Bill offers 'extinguishment' of trust fund claims (11/06)
Legislation to create a 'passive' Indian trust (10/18)
Take a pass on passive Indian trust (10/18)
Trust reform legislation sidetracked (10/17)
Tribes enter 'new phase' in trust reform battle (10/03)
Sparks fly at trust reform meeting (9/27)
Here comes BITAM all over again (9/27)
Bush proposal to take 'unclaimed' Indian land (09/26)
Rift widens on trust reform negotiations (9/12)
Tribes scrap talks on trust standards (9/11)
Tribal leaders debate trust reform bill (05/23)
Interior considering a limited trust fund (3/15)

Copyright © Indianz.Com

Stay Connected

On Facebook

On Twitter

On Google+

On SoundCloud

More Headlines

First Lady Michelle Obama shares story of hope with Indian school (5/26)
Remarks by First Lady Michelle Obama at Santa Fe Indian School (5/26)
Gary Davis of NCAIED joins Small Business Administration council (5/26)
Arne Vainio: A mother's gift carried me through many life journeys (5/26)
Native Sun News: Tribes score big in fights against energy projects (5/26)
Lakota Country Times: Education Secretary hears from Pine Ridge (5/26)
Ivan Star Comes Out: Ending Whiteclay beer sales starts at home (5/26)
Vi Waln: Rosebud Sioux youth lead efforts to bring relatives home (5/26)
Gyasi Ross: Drug epidemic sweeping through Native communities (5/26)
Jacqueline Keeler: Shameful and skewed poll on racist NFL name (5/26)
Interview with Melvin Monette about Cobell scholarship program (5/26)
Auction house in France won't stop sale of sacred tribal property (5/26)
United Keetoowah Band installs new leader after impeachment (5/26)
Kewa Pueblo builds new community around historic trading post (5/26)
Eastern Cherokee elder translates 'Charlotte's Web' into Tsalagi (5/26)
Puyallup Tribe works to keep language alive for new generations (5/26)
Iowa Tribe offers free play on poker website ahead of full launch (5/26)
Alabama-Coushatta Tribe offers gaming options closer to home (5/26)
Kaw Nation receives national award for tribal gaming initiatives (5/26)
Indian Health Service reform efforts gaining steam on Capitol Hill (5/25)
Indian Health Service announces more hires at troubled hospital (5/25)
Keepseagle attorneys open application process for $38M in grants (5/25)
Three tribes enter cooperative agreements for buy-back program (5/25)
New leader selected for HUD's Office of Native American Programs (5/25)
Indian relay racers gear up for event hosted by Muckleshoot Tribe (5/25)
Cronkite News: Tribes seek return of property up for sale in France (5/25)
Native Sun News: Anti-suicide effort incorporates tribal traditions (5/25)
Lakota Country Times: Pine Ridge youth showcase film projects (5/25)
Mark Trahant: Native vote victory for Tawna Sanchez in Oregon (5/25)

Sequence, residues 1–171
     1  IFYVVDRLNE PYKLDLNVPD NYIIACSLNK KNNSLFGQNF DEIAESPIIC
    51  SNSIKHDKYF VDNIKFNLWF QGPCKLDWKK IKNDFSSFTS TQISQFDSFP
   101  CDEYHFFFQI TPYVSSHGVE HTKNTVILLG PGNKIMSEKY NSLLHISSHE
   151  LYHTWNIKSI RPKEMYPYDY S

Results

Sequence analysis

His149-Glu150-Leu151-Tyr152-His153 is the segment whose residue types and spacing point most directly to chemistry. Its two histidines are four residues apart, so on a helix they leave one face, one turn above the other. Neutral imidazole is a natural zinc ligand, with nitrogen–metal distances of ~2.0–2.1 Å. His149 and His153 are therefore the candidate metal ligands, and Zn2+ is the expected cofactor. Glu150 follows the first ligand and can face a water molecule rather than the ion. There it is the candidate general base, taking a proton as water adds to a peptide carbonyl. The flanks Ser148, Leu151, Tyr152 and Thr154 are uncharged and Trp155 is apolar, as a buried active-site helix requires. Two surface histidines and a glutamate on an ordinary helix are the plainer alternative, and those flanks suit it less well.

Brandon Ecoffey: Lakota people come together in times of need (5/25)
Editorial: Tribes must come up with plan for return of Black Hills (5/25)
John McCoy: Disenrollment and blood quantum are not our way (5/25)
Adrian Jawort: Addressing race relations and healing in Montana (5/25)
Fort Peck Tribes oppose new directive on transgender students (5/25)
Leader of United Keetoowah Band ousted through impeachment (5/25)
Agua Caliente Band launches software development company (5/25)
Sen. Barrasso to chair platform committee for GOP convention (5/25)
Cowlitz Tribe welcomes discussions with opponent over casino (5/25)
Little Traverse Bay Bands open doors to Class II gaming facility (5/25)
Tuolumne Band celebrates 15th birthday with casino expansion (5/25)
Former Winnebago Tribe casino employee denies theft charge (5/25)
Proposed rule brings LGBT equality to tribal housing programs (5/24)
Chairman of Quapaw Tribe endorses Democrat Hillary Clinton (5/24)
Appropriations bill blocks new federal recognition regulation (5/24)
Native American Children's Safety Act clears final Hill hurdle (5/24)
9th Circuit won't rehear Tohono O'odham Nation gaming case (5/24)
Lakota Country Times: Army promises return of tribal children (5/24)
Native Sun News: New business sprouts up at Wounded Knee (5/24)
Mark Trahant: Tulalip citizen lands role in Democratic platform (5/24)
Brandon Ecoffey: Pine Ridge unites for search of missing men (5/24)
Men who went missing found dead on Pine Ridge Reservation (5/24)
Billy Mills: Flawed poll can't justify use of team's racist mascot (5/24)
more headlines...

Advertisement

Home | Arts & Entertainment | Business | Canada | Cobell Lawsuit | Education | Environment | Federal Recognition | Federal Register | Forum | Health | Humor | Indian Gaming | Indian Trust | Jack Abramoff Scandal | Jobs & Notices | Law | National | News | Opinion | Politics | Sports | Technology | World

Indianz.Com Terms of Service | Indianz.Com Privacy Policy
About Indianz.Com | Advertise on Indianz.Com

Indianz.Com is a product of Noble Savage Media, LLC and Ho-Chunk, Inc.